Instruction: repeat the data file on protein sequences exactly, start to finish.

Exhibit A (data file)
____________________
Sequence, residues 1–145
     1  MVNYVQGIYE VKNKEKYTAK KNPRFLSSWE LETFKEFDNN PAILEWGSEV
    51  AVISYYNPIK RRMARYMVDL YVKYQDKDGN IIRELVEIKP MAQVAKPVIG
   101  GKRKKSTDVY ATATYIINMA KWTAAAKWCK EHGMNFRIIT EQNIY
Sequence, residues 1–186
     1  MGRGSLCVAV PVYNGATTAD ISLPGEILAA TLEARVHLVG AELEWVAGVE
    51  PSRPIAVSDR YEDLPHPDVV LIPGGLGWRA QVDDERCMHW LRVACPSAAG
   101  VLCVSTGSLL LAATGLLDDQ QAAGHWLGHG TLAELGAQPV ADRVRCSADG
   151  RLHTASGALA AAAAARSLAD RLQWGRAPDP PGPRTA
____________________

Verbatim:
Sequence, residues 1–145
     1  MVNYVQGIYE VKNKEKYTAK KNPRFLSSWE LETFKEFDNN PAILEWGSEV
    51  AVISYYNPIK RRMARYMVDL YVKYQDKDGN IIRELVEIKP MAQVAKPVIG
   101  GKRKKSTDVY ATATYIINMA KWTAAAKWCK EHGMNFRIIT EQNIY
Sequence, residues 1–186
     1  MGRGSLCVAV PVYNGATTAD ISLPGEILAA TLEARVHLVG AELEWVAGVE
    51  PSRPIAVSDR YEDLPHPDVV LIPGGLGWRA QVDDERCMHW LRVACPSAAG
   101  VLCVSTGSLL LAATGLLDDQ QAAGHWLGHG TLAELGAQPV ADRVRCSADG
   151  RLHTASGALA AAAAARSLAD RLQWGRAPDP PGPRTA